Clint Eastwood steps back into the acting box for “Trouble with the Curve,” and connects for an out-of-the-park performance as an aging baseball scout who's fighting to stay in the game.
This in spite of the fact that he's working with rookies — first-time screenwriter Randy Brown and longtime producing partner Robert Lorenz in his directorial debut — who throw easy and predictable narrative pitches to their players in a conventional and sometimes mawkish sports yarn with a troubled father-daughter relationship at its center.
Fortunately, these players are heavy hitters who seldom foul the ball.
Eastwood layers his temperamental Gus Lobel with just the right amount of crustiness, while three-time Oscar nominee Amy Adams (“The Fighter,” “Doubt,” “Junebug”) brings equal heat as Gus' adult daughter Mickey, an up-and-coming lawyer who's every bit as feisty and stubborn as her father and constantly at odds with him.
It seems Gus struck out as a single parent after the long-ago death of his wife, leaving Mickey to be raised by relatives she hardly knew. The two have never been close, and on the rare occasion when a breakthrough feels imminent, it seems Gus' attention is always diverted by the one thing Mickey believes to be most important to him: his job. After all, she is named after his favorite baseball player, Mickey Mantle.
But Gus is now entering his twilight years, and the veteran Atlanta Braves scout is starting to lose a vital tool of his trade — his eyesight. He's doing his best to hide his failing vision, but the front office is beginning to doubt his judgment thanks to an ambitious young numbers-cruncher in the organization (Matthew Lillard) who wants to edge out geezers like Gus in favor of computerized scouting. Gus still believes that observing a potential player's character, watching how he moves, and listening to the crack of his bat speaks volumes.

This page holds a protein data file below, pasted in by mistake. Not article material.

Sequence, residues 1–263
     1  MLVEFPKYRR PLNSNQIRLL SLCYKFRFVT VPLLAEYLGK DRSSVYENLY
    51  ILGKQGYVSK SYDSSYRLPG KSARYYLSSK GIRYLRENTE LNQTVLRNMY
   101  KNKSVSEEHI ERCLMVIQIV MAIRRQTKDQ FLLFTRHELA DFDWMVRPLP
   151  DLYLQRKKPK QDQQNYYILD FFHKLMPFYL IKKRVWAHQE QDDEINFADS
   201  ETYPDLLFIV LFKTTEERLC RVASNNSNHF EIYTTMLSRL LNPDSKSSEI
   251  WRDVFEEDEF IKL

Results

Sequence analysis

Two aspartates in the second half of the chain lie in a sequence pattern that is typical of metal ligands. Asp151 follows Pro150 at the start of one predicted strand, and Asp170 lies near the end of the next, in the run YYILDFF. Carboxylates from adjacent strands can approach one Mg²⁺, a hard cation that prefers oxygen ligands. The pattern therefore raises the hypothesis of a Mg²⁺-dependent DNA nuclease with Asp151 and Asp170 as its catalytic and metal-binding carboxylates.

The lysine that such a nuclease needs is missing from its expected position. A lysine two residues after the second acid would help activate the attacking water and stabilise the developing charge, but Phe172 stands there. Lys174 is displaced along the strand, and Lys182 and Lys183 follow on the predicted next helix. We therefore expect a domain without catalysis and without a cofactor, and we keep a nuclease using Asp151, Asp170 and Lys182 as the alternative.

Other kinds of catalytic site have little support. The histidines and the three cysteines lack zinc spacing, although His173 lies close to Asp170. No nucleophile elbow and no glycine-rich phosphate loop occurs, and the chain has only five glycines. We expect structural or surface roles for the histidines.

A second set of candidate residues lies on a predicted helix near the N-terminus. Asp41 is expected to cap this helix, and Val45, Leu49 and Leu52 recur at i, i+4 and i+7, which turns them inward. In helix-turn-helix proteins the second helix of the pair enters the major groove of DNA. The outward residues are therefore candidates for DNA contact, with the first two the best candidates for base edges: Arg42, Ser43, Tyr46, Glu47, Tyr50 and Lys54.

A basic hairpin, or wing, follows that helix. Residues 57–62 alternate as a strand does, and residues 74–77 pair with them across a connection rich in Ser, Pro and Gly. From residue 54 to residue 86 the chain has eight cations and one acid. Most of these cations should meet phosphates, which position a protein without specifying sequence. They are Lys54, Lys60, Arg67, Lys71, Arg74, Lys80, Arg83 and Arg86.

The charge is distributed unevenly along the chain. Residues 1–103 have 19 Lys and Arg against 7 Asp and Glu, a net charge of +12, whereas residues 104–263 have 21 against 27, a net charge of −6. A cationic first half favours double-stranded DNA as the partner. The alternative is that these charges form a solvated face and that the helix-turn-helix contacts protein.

With one of the country's hottest batting wonders, blowhard Bo Gentry (newcomer Joe Massingill), up for the draft, scouting chief Pete Klein (John Goodman), who still has faith in Gus, persuades Mickey to tag along with her dad on his latest scouting trip and be his eyes. She reluctantly agrees, risking her own career to save her father's, and Gus has no choice in the matter.
Along the way they encounter Johnny Flanagan (an engaging Justin Timberlake), a once gifted pitcher, discovered by Gus, who is now trying his hand at scouting after prematurely blowing out his arm.
He's immediately attracted to Mickey, but she, like her father, has problems letting anyone get close to her. As Johnny wears down her defenses, he also tackles the difficult role of peacemaker between Mickey and her father.
In the bottom of the ninth, it all comes down to whether Gus can convince his bosses, despite the numbers, that boy-wonder Bo has trouble with curve balls that could prove disastrous in a moment of truth. But more importantly it comes down to dealing with life's curve balls, and placing family and emotional fulfillment above everything else.
This team, led by old pro Eastwood, brings all of that home for an easy win. If you're a sucker for a feel-good baseball movie, this one won't disappoint.
— Gene Triplett